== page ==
U.S. Catholic Bishops Call on Americans to Vote Pro-Life
The Catholic bishops of the U.S. are urging Americans to vote pro-life, reaffirming that abortion is the “preeminent” issue facing the nation. At their annual meeting in Baltimore on Wednesday, the U.S. Conference of Catholic Bishops (USCCB) voted to strengthen pro-life language in its voting guide for Catholics, typically issued ahead of every presidential election.
According to Catholic news outlet The Pillar, the previous language identified abortion as an evil but did not declare it the most crucial issue, while the new language reads, “The threat of abortion remains our preeminent priority because it directly attacks our most vulnerable and voiceless brothers and sisters and destroys more than a million lives per year in our country alone.”
At a press conference, USCCB Vice President Archbishop William Lori of Baltimore told reporters, “I think that the protection of the unborn remains a preeminent priority, because unborn children who are affected by this are utterly vulnerable, utterly voiceless, and there are so many of them who have died.”
Since 2007, the USCCB has published “Forming Consciences for Faithful Citizenship,” a guide for Catholics to use to vote in accord with the moral teachings of the Catholic Church, which include opposing abortion, transgenderism, homosexuality, pornography, and divorce, among other things. The guide is usually updated ahead of presidential elections to address new or newly prominent social and political issues and amend previous terminology. Although the Catholic Church has always opposed abortion as evil, the topic has become a subject of debate amongst the bishops in recent years, with a minority of liberal prelates arguing that issues such as poverty, climate change, gun control, and nuclear disarmament are equally pressing issues.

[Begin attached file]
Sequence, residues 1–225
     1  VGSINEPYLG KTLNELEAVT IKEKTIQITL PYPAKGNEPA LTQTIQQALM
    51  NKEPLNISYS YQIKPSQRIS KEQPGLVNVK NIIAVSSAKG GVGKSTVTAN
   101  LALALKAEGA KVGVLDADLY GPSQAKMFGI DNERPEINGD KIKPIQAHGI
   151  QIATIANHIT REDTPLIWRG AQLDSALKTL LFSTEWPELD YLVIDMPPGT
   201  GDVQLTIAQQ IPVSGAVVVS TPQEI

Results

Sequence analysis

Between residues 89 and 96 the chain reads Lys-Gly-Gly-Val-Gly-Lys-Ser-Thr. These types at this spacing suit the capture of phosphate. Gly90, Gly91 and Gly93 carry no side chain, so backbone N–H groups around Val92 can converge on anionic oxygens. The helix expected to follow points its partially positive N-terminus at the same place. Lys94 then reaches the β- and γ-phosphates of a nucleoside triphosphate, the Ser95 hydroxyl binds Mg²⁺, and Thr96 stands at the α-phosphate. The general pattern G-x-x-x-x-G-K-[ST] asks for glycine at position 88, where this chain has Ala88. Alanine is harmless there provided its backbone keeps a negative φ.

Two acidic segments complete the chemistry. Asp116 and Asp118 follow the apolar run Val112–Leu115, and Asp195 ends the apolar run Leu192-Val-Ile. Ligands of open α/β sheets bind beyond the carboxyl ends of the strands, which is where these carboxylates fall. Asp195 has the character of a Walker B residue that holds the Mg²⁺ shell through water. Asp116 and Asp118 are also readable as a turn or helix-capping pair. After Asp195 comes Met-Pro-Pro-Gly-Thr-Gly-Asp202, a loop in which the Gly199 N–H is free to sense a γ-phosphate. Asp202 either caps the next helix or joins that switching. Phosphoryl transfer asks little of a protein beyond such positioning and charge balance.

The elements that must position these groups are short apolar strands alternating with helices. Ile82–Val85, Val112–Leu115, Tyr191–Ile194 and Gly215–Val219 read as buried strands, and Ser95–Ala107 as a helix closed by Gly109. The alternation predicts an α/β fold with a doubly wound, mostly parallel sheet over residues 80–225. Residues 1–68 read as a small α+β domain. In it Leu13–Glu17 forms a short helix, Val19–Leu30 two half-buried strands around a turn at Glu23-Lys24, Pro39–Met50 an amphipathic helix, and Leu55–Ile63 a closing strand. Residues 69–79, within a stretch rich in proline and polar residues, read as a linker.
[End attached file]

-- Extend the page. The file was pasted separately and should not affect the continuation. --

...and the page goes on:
One such bishop, Robert McElroy of San Diego, objected at the USCCB meeting in 2019 to use of the line “the threat of abortion remains our preeminent priority because it directly attacks life itself.” McElroy claimed that the line was “at least discordant” with the instruction and example of Pope Francis, despite the fact that the pope has compared abortion to assassination and abortionists to “hitmen.” The California-based bishop said, “It is not Catholic that abortion is the preeminent issue that we face as a world in Catholic social teaching. It is not.” He was vocally opposed by his brother bishops, notably Archbishop Charles Chaput of Philadelphia and the recently-sidelined Bishop Joseph Strickland of Tyler, Texas.
Catholic Joe Biden’s ascendancy to the presidency has also been the cause of debate among Catholic bishops on the subject of abortion. In 2021, the USCCB drafted a document to formally and publicly rebuke Biden for his pro-abortion policies, including forbidding him from presenting himself to receive Holy Communion. Catholic teaching holds that pro-abortion politicians calling themselves Catholic “excommunicate” themselves — that is, remove themselves from the Catholic Church — by promoting the slaughter of the unborn and cannot be permitted to receive Holy Communion until they attend confession and publicly repent of their abortion advocacy. After months of internal debate, the USCCB eventually approved a revised edition of the document, which did not explicitly bar Biden from receiving Holy Communion but focused instead on explaining Catholic teaching on both Holy Communion and abortion.